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User’s guide to spectral sequences. (English) Zbl 0577.55001
Mathematics Lecture Series, 12. Wilmington, Delaware: Publish or Perish, Inc. XIII, 423 p. \$ 40.00 (1985).
Used originally in the computation of the homology of fibrations (as the Leray-Serre spectral sequence), nowadays spectral sequences have become an indispensable tool in concrete and abstract computations of homology groups. The apparatus of spectral sequences is used not only in algebraic topology but also in algebra, algebraic geometry and algebraic K-theory. The present book is designated as a ”user’s manual for the class of complicated algebraic gadgets known as spectral sequences”. The book is written both for beginners and experts, topologists and algebraists. It includes sufficient details in exposition and examples, enough facts about the inner workings of the theory of spectral sequences and plenty of information for experts.
The book is divided into three parts totaling eleven chapters. The first three chapters form Part I called ”Algebra”. This part contains, in detail, the algebra of spectral sequences and furthermore, how this formalism can be applied to a topological problem. Chapter 1 is a ”gentle” introduction to the technique of the first quadrant spectral sequences. An important number of examples is discussed. Chapter 2 treats more of the structural features of spectral sequences including the settings in which they arise and replacing the bigraded vector spaces of chapter 1 by $${\mathbb{Z}}$$-bigraded modules over a commutative ring with unity. In chapter 3, comparison theorems are proved and examples of two spectral sequences that are useful in homological algebra are given. Exercises on the topics in chapters 1, 2 and 3 follow this chapter.
Part II is called ”Topology” and is comprised of chapters 4 through 9. This part covers the most important problems of the book treating the three classical examples of spectral sequences that are found in homotopy theory: the Leray-Serre spectral sequence, the Eilenberg-Moore spectral sequence and the Adams spectral sequence. In chapter 4 the categories of CW-complexes and of simplicial sets are presented. Both, a CW-complex and a simplicial set give rise to a filtered space and in this way the algebraic techniques developed in Part I may be applied to the computation of the homotopy invariants of such spaces. In this chapter most proofs are omitted and are replaced by references.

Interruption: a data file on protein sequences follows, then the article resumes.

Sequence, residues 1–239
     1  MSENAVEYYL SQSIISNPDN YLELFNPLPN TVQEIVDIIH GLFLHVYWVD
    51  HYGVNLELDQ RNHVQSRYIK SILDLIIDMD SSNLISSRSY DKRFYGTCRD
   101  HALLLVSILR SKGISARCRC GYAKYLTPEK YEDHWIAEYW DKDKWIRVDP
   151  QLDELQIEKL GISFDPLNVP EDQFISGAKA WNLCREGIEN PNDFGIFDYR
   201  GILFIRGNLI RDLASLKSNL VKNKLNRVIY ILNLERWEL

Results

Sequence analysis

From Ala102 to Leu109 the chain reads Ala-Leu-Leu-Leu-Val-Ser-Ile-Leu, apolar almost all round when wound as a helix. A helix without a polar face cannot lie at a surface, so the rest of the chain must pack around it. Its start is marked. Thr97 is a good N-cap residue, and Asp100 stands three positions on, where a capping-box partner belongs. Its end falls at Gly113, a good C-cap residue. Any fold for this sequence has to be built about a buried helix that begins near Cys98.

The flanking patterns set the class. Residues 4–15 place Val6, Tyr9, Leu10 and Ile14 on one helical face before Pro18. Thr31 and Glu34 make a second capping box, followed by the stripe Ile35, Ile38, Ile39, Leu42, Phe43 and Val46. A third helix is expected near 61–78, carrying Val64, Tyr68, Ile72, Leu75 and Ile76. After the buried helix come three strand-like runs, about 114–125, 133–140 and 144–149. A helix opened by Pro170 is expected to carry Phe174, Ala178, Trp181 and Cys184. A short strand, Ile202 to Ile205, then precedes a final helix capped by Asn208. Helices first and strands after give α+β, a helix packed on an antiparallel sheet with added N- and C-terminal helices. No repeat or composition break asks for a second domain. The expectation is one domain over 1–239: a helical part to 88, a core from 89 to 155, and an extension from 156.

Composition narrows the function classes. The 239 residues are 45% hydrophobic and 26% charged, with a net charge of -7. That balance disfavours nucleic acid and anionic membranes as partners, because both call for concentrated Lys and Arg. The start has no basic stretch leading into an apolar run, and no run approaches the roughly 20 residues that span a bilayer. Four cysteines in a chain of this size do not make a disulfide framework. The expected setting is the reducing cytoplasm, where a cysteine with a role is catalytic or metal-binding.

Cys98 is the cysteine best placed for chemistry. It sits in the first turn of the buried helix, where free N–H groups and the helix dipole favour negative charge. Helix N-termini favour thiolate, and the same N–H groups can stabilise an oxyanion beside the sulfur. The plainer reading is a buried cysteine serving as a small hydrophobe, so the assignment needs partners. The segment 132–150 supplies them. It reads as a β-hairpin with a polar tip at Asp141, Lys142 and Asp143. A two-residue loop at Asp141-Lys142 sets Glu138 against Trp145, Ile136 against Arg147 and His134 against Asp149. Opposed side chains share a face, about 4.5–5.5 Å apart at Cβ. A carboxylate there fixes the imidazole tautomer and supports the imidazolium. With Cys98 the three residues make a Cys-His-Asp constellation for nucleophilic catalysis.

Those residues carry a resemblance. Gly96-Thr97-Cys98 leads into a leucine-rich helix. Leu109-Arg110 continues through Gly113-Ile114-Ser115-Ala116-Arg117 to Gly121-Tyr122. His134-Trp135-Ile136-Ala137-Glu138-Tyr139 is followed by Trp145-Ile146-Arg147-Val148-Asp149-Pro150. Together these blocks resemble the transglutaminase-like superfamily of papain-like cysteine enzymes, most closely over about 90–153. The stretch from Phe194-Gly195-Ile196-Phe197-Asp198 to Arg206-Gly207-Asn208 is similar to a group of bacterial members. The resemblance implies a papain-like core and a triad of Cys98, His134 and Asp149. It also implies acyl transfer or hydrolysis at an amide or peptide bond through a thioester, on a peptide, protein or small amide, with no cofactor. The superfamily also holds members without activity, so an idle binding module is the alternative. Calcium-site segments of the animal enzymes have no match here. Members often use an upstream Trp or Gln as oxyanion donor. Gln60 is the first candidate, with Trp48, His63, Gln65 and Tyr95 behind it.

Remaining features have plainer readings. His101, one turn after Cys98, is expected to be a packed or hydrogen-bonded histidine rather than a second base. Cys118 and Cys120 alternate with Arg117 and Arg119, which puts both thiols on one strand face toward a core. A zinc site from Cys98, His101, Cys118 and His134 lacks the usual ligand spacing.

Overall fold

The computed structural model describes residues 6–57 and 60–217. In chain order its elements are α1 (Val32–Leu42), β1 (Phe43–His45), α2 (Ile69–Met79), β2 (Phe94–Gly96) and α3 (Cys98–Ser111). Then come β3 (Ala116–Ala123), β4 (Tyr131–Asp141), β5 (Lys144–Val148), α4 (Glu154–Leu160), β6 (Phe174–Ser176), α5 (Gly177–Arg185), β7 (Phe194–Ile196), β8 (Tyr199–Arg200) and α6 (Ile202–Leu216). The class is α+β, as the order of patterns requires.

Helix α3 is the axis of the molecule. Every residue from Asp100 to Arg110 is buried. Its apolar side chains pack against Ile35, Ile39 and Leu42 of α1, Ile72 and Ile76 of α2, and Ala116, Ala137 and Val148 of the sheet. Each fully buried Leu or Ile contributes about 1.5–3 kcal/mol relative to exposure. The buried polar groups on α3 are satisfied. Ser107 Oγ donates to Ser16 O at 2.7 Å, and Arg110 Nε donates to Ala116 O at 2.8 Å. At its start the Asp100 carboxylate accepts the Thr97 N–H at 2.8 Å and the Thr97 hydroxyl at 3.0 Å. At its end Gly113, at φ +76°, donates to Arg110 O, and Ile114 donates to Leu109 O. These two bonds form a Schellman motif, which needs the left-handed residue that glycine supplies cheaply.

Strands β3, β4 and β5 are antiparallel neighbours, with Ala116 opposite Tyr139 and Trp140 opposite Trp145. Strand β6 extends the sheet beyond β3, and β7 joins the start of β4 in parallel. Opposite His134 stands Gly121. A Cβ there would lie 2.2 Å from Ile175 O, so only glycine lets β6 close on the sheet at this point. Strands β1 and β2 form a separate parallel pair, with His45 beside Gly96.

Chapter 5 and 6 treat the Leray-Serre spectral sequence. In chapter 5 the motivating ideas for the construction of the spectral sequence are given, the $$E^ 1$$-term and the differential $$d^ 1$$ are identified, the cohomology version of the spectral sequence and its relevant multiplicative structure are considered, the classical theorems of Leray and Hirsch and of Borel and Serre are derived, the cohomology of various Lie groups is computed and some of the implications in homotopy theory of possible computations on the loop space by the spectral sequence are explored. Two highlights of chapter 5 are the generalization of a theorem of Marston Morse on the existence of infinitely many distinct geodesics joining two points in a Riemannian manifold and the proof that $$\pi_ i(S^{2n+1})$$ is finite for $$i>2n+1$$. The details of the proof of the homology version of the Leray-Serre spectral sequence are postponed to the appendices in the last paragraph of the chapter.
Chapter 6 contains deeper basic properties of the Leray-Serre spectral sequence and also some applications. Thus one proves the isomorphism $$\pi_ 4(S^ 2)\cong {\mathbb{Z}}/2{\mathbb{Z}}$$, the Kudo transgression theorem, the theorems of Cartan and Serre and one studies the cohomology of classifying spaces of fibre bundles and the problem of computing the characteristic classes associated to a bundle. In the last paragraph of chapter 6 some different settings which lead to the construction of a spectral sequence for fibrations, as the result of Fadell and Hurewicz and the Dress construction, are discussed. This section is ”not for the novice”! (beside a few other subsections of the book). Exercises on the topics in chapters 5 and 6 follow.